The best way is to go natural, with a dash of olive oil and a generous sprinkling of spices. Go easy on the salt though, as this is one seasoning you do not want to overeat.
It is uncommon to eat more than one serving per day on keto. One 75 g portion will come at a cost of 2.1 g of net carbohydrates, a relatively paltry sum considering the amount of nutrition you are receiving.
If you want to indulge further, a 100 g portion would still be okay for keto, totalling at 2.8 g net carbs.
And if you love this food, a double serving (150 g) is still under 5 g of net carbohydrates. At this stage you are likely to be eating this as a complete side dish to a meal.
If eating a snack, however, it may be advisable to stick to one serving per day, as every little bit adds up.
The raw beans need minimal processing to render them edible. They are usually bought frozen, either shelled or still encased in their pods. However, there are various other product derivatives, each with a distinct process and ingredients, that you can consume on the keto diet. Here are just a few:
This bean can be enjoyed on keto in a variety of ways:
There are a few legumes which can compete with this foodstuff both in terms of nutrient density and low net carbohydrate score:
The section below gives answers to 6 frequently asked questions revolving around the nutritional properties and the consumption of this food on a keto diet.
Yes it is! Edamame is the name given for the pods of soybeans that are harvested when the plant is still young, green and immature. Soybeans are the name of the mature beans.
Indeed it is! This is an excellent source of protein providing 8.4 g per 75 g portion. Moreover, it is a complete protein, meaning it contains all the 9 essential amino acids required by our bodies. This is a rare characteristic for a plant foodstuff.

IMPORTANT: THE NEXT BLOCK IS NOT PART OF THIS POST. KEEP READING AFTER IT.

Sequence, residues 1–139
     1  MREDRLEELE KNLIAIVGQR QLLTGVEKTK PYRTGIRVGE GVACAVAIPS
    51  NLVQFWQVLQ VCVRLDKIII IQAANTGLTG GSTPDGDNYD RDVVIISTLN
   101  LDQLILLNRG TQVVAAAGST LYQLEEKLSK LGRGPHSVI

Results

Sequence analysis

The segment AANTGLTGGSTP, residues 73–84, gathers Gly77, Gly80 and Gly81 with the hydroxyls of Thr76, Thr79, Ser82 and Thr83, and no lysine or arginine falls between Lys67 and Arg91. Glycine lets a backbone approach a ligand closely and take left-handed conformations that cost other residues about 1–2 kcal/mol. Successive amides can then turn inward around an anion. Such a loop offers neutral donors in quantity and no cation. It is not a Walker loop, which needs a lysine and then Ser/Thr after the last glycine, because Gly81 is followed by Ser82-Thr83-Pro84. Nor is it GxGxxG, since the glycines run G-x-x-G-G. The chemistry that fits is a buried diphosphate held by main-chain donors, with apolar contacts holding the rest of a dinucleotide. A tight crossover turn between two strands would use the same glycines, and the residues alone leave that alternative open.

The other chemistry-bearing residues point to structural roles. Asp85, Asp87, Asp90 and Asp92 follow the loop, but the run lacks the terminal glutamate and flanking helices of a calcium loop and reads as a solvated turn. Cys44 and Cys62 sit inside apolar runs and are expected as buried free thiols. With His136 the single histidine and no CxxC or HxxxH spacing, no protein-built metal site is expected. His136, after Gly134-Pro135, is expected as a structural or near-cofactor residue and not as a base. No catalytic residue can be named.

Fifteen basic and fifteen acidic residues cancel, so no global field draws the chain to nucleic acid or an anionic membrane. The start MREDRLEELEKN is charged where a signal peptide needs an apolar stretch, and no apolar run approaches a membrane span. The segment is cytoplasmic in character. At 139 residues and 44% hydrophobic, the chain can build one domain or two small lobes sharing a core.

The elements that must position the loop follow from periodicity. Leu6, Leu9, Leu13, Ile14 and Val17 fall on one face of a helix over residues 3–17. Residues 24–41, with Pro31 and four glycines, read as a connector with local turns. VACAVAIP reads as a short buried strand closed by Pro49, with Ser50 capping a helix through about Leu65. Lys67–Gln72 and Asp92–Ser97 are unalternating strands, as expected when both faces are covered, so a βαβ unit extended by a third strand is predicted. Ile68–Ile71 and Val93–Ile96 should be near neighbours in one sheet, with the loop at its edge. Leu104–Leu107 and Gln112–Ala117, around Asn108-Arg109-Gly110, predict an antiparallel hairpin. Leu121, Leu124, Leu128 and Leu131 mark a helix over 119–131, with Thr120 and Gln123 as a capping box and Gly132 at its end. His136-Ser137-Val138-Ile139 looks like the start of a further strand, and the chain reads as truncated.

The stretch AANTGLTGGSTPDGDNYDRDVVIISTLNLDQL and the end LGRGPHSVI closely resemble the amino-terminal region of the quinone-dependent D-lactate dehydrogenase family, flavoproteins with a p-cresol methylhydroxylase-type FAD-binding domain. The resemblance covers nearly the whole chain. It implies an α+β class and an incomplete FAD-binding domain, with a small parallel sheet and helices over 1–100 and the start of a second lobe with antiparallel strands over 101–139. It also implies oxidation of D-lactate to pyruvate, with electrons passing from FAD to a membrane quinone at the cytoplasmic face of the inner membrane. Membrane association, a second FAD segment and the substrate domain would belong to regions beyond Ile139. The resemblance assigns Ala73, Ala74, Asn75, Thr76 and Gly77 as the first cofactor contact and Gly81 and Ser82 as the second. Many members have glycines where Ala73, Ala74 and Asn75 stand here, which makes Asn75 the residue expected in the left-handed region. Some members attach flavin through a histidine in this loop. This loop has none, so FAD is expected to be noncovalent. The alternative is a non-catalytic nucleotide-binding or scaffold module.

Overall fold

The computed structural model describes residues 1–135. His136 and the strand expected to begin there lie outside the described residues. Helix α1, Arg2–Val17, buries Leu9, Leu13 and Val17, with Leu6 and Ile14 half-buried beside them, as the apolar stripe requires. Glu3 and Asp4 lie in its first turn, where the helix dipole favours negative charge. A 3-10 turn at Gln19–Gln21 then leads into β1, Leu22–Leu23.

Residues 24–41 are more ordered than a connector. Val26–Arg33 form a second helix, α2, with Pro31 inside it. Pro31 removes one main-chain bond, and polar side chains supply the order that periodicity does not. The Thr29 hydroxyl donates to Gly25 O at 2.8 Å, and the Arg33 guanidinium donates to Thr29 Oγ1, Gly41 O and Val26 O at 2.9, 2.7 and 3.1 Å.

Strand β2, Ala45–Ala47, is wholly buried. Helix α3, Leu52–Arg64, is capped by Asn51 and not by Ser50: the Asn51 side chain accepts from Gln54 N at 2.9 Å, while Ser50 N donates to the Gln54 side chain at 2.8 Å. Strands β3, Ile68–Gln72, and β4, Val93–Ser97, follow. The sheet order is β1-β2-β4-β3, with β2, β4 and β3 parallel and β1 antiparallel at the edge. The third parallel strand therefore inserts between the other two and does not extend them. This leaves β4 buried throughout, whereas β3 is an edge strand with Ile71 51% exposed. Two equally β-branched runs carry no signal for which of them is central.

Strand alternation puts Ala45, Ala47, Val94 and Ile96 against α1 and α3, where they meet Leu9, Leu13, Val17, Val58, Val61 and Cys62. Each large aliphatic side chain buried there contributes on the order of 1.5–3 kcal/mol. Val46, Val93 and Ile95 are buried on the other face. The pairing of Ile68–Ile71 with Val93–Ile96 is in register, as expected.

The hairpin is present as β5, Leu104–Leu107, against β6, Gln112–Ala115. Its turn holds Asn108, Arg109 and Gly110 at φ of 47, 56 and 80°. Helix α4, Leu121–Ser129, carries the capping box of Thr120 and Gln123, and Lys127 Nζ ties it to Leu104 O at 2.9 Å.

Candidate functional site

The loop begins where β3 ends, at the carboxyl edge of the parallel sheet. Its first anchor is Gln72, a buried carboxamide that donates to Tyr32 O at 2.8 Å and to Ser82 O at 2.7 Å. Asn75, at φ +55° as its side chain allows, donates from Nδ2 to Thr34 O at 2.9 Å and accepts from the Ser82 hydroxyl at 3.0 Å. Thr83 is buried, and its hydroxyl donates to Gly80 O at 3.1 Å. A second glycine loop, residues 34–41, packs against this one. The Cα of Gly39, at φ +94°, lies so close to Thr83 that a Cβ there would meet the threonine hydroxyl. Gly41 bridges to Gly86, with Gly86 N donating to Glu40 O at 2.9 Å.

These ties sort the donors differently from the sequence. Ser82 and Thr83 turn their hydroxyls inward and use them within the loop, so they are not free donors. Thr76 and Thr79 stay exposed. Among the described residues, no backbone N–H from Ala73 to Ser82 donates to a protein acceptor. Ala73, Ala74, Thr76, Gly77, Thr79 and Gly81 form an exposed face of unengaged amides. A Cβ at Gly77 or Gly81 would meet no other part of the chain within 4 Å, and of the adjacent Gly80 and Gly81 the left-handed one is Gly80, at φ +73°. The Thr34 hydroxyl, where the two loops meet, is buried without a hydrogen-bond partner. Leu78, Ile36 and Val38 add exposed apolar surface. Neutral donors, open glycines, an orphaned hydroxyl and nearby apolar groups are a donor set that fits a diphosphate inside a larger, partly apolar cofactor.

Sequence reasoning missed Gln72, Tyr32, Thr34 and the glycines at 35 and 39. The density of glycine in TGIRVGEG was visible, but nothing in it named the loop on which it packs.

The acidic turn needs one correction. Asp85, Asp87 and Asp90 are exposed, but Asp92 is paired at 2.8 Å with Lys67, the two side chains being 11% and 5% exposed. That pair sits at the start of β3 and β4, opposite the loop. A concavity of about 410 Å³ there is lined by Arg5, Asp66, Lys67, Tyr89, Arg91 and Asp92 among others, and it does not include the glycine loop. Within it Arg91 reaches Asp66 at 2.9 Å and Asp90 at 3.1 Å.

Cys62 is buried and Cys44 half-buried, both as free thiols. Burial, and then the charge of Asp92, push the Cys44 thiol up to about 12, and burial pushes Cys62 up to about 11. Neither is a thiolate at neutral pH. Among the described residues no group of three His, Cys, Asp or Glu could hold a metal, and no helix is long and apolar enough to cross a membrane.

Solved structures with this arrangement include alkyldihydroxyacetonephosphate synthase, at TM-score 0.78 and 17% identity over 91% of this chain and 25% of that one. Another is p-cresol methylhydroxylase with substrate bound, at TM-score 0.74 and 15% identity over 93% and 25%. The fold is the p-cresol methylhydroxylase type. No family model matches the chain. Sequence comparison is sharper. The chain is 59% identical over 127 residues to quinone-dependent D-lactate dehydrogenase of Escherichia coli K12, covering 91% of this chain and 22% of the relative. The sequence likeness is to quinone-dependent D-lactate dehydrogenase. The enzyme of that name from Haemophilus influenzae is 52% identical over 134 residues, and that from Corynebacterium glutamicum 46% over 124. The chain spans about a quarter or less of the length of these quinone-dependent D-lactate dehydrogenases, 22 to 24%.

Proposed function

With 3.6 g of fat per 75 g serving, this does not quite classify as a low-fat foodstuff (that would have to be less than 3 g fat per serving), but it is still relatively low. The fats present are predominantly unsaturated fatty acids, consisting of both mono and polyunsaturated fatty acids.
There is some talk in the literature that certain compounds in soy known as isoflavones mimic the hormone estrogen and can have feminizing effects on men. Among the reported effects are the growth of man boobs, lowered testosterone levels, and decreased fertility.
However, most of these studies are flawed or merely animal studies with no robust controlled trials in humans showing these effects.
At this moment in time, it would seem that upon critical review of the evidence, soy and edamame are considered absolutely safe for men to consume.
The glycemic index for canned soya beans is just 14, a very low GI foodstuff. Other sources give the figure for edamame beans at 18.
Remember that GI is measured by eating 50 g of carbohydrate from test food and testing the blood sugar response compared to pure glucose. However in a 75 g portion you are only eating 2.1 g of carbohydrates, so a more accurate index is the glycemic load which takes into account the amount of carbs eaten in a serving. In this case if we convert the glycemic index of 18 to glycemic load we get 0.378. This is very low and should hardly have an impact on blood sugar.
While eating this food on keto, try seasoning it with: